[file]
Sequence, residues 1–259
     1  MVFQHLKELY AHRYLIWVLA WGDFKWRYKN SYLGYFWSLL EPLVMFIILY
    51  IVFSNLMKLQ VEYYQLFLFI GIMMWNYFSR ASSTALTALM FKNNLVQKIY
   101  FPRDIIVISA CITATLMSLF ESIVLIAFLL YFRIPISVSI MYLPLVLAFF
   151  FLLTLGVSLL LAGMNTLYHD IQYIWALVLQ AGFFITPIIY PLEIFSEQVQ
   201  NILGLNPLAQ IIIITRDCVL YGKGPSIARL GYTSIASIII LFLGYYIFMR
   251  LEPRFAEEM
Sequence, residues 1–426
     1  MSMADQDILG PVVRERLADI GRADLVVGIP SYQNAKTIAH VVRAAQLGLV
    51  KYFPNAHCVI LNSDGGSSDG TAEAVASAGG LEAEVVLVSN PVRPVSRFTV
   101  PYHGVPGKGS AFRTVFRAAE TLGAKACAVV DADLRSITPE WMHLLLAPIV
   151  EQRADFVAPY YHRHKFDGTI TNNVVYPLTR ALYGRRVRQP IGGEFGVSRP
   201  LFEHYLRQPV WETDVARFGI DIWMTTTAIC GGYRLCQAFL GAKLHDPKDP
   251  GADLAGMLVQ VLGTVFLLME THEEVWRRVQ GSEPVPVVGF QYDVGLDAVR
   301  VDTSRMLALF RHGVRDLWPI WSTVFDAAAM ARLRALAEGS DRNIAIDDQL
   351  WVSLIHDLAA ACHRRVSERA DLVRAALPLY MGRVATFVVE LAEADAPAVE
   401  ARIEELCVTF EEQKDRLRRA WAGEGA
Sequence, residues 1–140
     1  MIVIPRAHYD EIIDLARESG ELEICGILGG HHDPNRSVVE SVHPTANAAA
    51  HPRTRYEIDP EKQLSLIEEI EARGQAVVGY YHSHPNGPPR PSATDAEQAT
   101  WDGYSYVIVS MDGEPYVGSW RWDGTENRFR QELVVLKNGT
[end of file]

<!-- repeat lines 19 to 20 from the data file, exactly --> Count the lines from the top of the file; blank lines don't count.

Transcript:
     1  MIVIPRAHYD EIIDLARESG ELEICGILGG HHDPNRSVVE SVHPTANAAA
    51  HPRTRYEIDP EKQLSLIEEI EARGQAVVGY YHSHPNGPPR PSATDAEQAT